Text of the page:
Subject(s)
COVID-19 , Pandemics , COVID-19 Vaccines , Health Services , Humans , Oman/epidemiology , Pandemics/prevention & control , SARS-CoV-2
5.
Environ Sci Pollut Res Int ; 29(16): 23407-23418, 2022 Apr.
Article in English | MEDLINE | ID: covidwho-1527495

ABSTRACT

This study aimed at investigating aircraft noise exposure levels, their annoyance, and potential health effects among communities living within airport catchment areas during the COVID-19 pandemic. Both field measurements and an online survey approach were used to investigate aircraft noise exposure levels, annoyance, and general health effects among residents living near Muscat International Airport (MCT) in Muscat, Oman, amid the COVID-19 period. The study found a drastic decline in aircraft noise levels due to the introduction of COVID-19 intervention measures such as lockdowns, social distancing, and closure of airports. In June 2020, during the COVID-19 pandemic, average daily aircraft noise levels of LAeq (39.9 dB(A)) and Lmax (49.7 dB(A)) was observed compared to the previous year (April-May 2019) of 58.5 and 76.8 dB(A), indicating aircraft noise reductions level of 32% and 35%, respectively. The results of the online social survey among 187 participants showed that most (58.8%) of the respondents did not feel that the level of noise produced by aircraft causes annoyance. During the day, the vast majority of the interviewees did not complain of any annoyance during the morning (45.5%), afternoon (39.6%), and evening (31%) with only < 4% of residents have reported a very high degree of annoyance of during COVID-19 pandemic period. Very few people (17%) did complain of experiencing general health problems while 29% did not know of any potential health effects that could be attributed to aircraft noise exposures. Aircraft noise annoyance complaints among the As-Seeb residents during the pre-COVID-19 pandemic periods were reported to be extremely high reaching about 84% compared to 41% during this current COVID-19 pandemic period. These findings support the need to develop future sustainable noise mitigation policies in order to help reduce noise exposures and improve human health during post-COVID-19 pandemic periods.


Subject(s)
COVID-19 , Noise, Transportation , Aircraft , COVID-19/epidemiology , Communicable Disease Control , Environmental Exposure , Humans , Noise, Transportation/adverse effects , Oman/epidemiology , Pandemics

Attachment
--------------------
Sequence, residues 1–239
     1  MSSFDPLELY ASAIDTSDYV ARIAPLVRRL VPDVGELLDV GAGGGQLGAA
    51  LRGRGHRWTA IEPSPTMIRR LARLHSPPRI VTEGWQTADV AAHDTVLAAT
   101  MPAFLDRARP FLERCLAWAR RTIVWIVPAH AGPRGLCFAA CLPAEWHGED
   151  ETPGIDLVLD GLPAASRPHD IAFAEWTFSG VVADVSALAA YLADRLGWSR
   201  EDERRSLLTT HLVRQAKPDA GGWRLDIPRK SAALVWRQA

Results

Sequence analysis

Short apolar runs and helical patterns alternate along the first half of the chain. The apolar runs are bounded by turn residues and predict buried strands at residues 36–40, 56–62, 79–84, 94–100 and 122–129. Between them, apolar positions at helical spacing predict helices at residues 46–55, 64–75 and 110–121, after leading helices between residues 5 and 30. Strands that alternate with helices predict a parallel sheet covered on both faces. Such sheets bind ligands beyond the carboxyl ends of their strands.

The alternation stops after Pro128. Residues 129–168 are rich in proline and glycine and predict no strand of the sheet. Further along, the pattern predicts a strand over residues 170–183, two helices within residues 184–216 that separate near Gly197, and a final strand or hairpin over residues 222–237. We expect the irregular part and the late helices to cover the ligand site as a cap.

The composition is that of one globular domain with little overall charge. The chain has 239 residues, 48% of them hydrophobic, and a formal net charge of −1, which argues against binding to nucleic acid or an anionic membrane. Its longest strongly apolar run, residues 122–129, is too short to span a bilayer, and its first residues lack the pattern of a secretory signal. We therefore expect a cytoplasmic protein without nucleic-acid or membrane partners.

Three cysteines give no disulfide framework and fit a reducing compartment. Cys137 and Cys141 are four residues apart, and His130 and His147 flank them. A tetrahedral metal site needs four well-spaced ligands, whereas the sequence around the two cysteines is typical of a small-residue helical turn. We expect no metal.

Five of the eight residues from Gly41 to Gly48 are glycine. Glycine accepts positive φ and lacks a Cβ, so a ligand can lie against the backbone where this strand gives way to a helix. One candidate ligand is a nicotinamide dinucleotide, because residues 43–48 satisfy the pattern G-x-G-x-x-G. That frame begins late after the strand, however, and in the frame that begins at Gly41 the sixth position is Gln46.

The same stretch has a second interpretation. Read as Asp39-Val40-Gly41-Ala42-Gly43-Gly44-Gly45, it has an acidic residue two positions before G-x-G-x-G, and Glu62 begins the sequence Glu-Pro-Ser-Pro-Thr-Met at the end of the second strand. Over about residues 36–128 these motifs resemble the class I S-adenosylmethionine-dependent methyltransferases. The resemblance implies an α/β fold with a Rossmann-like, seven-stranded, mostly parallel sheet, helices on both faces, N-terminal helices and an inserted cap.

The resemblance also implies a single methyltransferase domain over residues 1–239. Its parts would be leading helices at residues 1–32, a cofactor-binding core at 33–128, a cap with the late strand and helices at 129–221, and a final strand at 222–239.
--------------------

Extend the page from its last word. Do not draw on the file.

6.
J Pak Med Assoc ; 71(11): 2563-2570, 2021 Nov.
Article in English | MEDLINE | ID: covidwho-1518960

ABSTRACT

OBJECTIVE: To evaluate the extent of coronavirus infection in cancer patients along with their demographics, laboratory findings and outcomes in a tertiary care setting. METHODS: The study was conducted in Muscat, Oman, from March 24 to October 23, 2020. The data was collected from the cancer registry of the Directorate-General of Non-Communicable Diseases, Ministry of Health, Oman. Data of inpatient coronavirus cases were retrieved from the electronic medical records system of the Royal Hospital, Muscat, all tertiary hospitals linked electronically to the registry and the coronavirus registry of Oman. The data of cancer patients infected with coronavirus was analysed and compared with non-cancer coronavirus-infected patients. Data was analysed using IBM SPSS 2019 v26. RESULTS: Of the 16,260 cancer patients, 77(0.47%) were infected with COVID-19 compared to 111,837(2.17%) in the national population. Mortality among cancer patients with COVID-19 was high 27(35.1%) compared to 1,147(1.03%) in the national population. Cancer patients with COVID-19 also had diabetes 15(20%), hypertension 20(26%), renal complications 15(20%) and cardiac issues 9(12%). Of the total, 32(41.6%) cancer patients with COVID-19 had received active cancer treatment within the preceding 4 weeks. CONCLUSIONS: The data on coronavirus infection outcome is emerging at a rapid pace focussing on the impact of underlying diseases, and the capacity of healthcare systems. Oncologists should customise cancer management, while cancer patients must practise social distancing, and seek prompt evaluation of suspicious symptoms.